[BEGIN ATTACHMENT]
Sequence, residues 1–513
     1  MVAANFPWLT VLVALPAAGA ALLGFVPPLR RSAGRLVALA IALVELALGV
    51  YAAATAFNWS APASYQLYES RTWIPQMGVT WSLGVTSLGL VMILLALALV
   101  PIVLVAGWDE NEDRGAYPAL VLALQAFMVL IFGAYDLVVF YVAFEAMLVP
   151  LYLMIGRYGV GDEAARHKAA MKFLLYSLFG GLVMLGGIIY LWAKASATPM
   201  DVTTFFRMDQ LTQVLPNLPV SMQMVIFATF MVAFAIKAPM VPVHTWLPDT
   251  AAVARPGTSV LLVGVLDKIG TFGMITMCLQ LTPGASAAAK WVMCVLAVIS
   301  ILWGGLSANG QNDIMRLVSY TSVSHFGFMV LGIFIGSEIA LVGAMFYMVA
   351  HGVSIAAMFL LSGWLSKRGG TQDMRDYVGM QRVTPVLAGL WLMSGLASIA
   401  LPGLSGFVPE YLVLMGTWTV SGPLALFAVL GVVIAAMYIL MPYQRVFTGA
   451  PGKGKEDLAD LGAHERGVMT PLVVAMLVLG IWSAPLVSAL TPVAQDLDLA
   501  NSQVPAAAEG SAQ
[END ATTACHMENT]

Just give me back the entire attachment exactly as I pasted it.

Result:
Sequence, residues 1–513
     1  MVAANFPWLT VLVALPAAGA ALLGFVPPLR RSAGRLVALA IALVELALGV
    51  YAAATAFNWS APASYQLYES RTWIPQMGVT WSLGVTSLGL VMILLALALV
   101  PIVLVAGWDE NEDRGAYPAL VLALQAFMVL IFGAYDLVVF YVAFEAMLVP
   151  LYLMIGRYGV GDEAARHKAA MKFLLYSLFG GLVMLGGIIY LWAKASATPM
   201  DVTTFFRMDQ LTQVLPNLPV SMQMVIFATF MVAFAIKAPM VPVHTWLPDT
   251  AAVARPGTSV LLVGVLDKIG TFGMITMCLQ LTPGASAAAK WVMCVLAVIS
   301  ILWGGLSANG QNDIMRLVSY TSVSHFGFMV LGIFIGSEIA LVGAMFYMVA
   351  HGVSIAAMFL LSGWLSKRGG TQDMRDYVGM QRVTPVLAGL WLMSGLASIA
   401  LPGLSGFVPE YLVLMGTWTV SGPLALFAVL GVVIAAMYIL MPYQRVFTGA
   451  PGKGKEDLAD LGAHERGVMT PLVVAMLVLG IWSAPLVSAL TPVAQDLDLA
   501  NSQVPAAAEG SAQ